A plan to overhaul the athletic fields at the Martha’s Vineyard Regional High School with artificial turf is the subject of growing controversy, as hundreds of Islanders line up on both sides of the issue.

The plan first surfaced publicly last month when a nonprofit group calling itself MV@Play came before the district school committee to propose an ambitious, privately funded three-phase project to upgrade the playing fields. Led by David Wallis, the group has said it intends to raise $12 million for the project. Phase one involves refurbishing the track and field at a cost of $3.5 million. The fundraising plan has not yet been fully explained, although Mr. Wallis denied reports that MV@Play has a large donor lined up. “We don’t have the money, so contrary to what people are talking about . . . . we have to raise the money,” he said during an emotional two and a half-hour school committee meeting Monday night.

Because the project would involve private funds for a public school, a license agreement must be drawn up between the high school and MV@Play and approved by the school committee. That agreement has not been completed, although Vineyard schools superintendent Matthew D’Andrea told the Gazette Thursday that the agreement is being worked on with the school attorney, the school business administrator and spokesmen for MV@Play. The terms of the agreement have not been disclosed.

Supporters and critics lined up to voice opinions at school committee meeting Monday. — Heather Hamacek

Meanwhile, on Monday night a large crowd turned out for the school committee meeting. In addition to charged testimony on both sides of the issue, the meeting was also marked by procedural confusion. It was announced at the outset that there would be no vote until the next meeting on June 6, but at the end the committee did take a vote, deciding 5-2 to back phase one of the MV@Play plan as currently designed. The vote came over the objection of two committee members.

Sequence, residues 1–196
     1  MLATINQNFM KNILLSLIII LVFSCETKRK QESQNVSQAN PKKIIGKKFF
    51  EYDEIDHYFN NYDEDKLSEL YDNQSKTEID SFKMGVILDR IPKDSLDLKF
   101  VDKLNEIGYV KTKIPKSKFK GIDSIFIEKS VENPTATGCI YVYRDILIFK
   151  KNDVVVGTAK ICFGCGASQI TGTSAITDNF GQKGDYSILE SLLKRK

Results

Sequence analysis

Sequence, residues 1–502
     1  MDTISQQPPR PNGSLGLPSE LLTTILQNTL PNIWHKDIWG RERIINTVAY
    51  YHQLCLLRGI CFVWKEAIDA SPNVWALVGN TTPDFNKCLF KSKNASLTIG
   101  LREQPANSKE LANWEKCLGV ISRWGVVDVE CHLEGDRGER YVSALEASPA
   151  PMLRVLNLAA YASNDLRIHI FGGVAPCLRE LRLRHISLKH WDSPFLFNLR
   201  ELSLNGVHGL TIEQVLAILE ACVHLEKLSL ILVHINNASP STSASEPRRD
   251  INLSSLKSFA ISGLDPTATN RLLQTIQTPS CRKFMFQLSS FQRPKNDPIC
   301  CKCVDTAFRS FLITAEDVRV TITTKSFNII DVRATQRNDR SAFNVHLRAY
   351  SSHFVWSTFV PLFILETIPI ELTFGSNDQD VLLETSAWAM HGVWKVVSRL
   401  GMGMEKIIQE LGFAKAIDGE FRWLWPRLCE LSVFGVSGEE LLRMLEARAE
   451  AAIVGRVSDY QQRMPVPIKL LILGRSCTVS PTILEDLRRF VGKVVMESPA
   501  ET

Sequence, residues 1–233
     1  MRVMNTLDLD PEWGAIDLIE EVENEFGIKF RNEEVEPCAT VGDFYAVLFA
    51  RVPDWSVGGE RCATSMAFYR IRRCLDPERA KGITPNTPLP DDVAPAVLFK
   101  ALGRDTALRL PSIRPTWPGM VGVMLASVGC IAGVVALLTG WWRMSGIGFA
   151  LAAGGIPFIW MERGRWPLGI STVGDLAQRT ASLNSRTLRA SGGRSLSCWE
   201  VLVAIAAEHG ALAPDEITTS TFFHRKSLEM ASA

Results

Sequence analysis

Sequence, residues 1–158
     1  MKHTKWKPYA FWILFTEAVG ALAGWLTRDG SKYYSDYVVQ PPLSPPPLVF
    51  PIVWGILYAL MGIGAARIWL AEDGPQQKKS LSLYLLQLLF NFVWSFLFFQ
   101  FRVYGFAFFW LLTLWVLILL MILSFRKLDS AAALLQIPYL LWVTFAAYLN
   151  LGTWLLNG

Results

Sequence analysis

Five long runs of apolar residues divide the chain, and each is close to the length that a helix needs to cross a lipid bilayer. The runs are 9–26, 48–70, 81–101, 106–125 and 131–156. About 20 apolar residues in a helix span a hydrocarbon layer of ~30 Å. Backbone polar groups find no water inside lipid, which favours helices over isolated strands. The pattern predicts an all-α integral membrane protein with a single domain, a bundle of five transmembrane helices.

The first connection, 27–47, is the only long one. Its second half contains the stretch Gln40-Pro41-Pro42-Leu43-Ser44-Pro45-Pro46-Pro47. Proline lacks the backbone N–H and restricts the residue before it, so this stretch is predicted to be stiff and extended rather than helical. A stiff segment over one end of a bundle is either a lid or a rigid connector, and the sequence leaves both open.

At the center of the controversy is the question of whether to replace natural grass fields with artificial turf. After an early proposal to use crumb rubber infill on the interior of the track drew vocal protest from parents concerned about whether the material was potentially hazardous, MV@Play quickly switched to an organic infill made of cork, coconut husk and silica. But the group stands firmly behind using synthetic turf for the field inside the track, saying it is the only material that will withstand the use of high school and community practices and games, which they project to be 2,338 events each year.

“Nantucket just put one in, Sandwich put one in. This isn’t unprecedented, I just want to make that clear,” Mr. Wallis said at the forum.

The high school has eight playing fields that are used for nine sports in the spring and fall, including the track. Upkeep on the fields has been inadequate in recent years, as is the case with the school building facility which now needs repairs that are expected to cost millions of dollars.

Petitions are circulating on both sides of the artificial turf issue.

On Monday night a strong contingent of student athletes and coaches attended the meeting to support a synthetic turf field, along with a petition signed by 270 people in favor of the plan.

“It’s a privilege to be able to play on turf. It’s so fun to play on turf, it’s a completely different game,” said field hockey player Juniper Ezanno. “The fact that we could have the opportunity to do that every day — are you kidding me? How could any person not want that.”

John Wilson, the father of a recent high school graduate and two-sport athlete, also supported an artificial turf field. “I think as a community we need to decide what level of risk we’re willing to take versus what we know,” he said. “These fields have been studied endlessly for the last 15 years. I feel fortunate that my son made it through his high school career practicing on a horrible football field without getting injured.”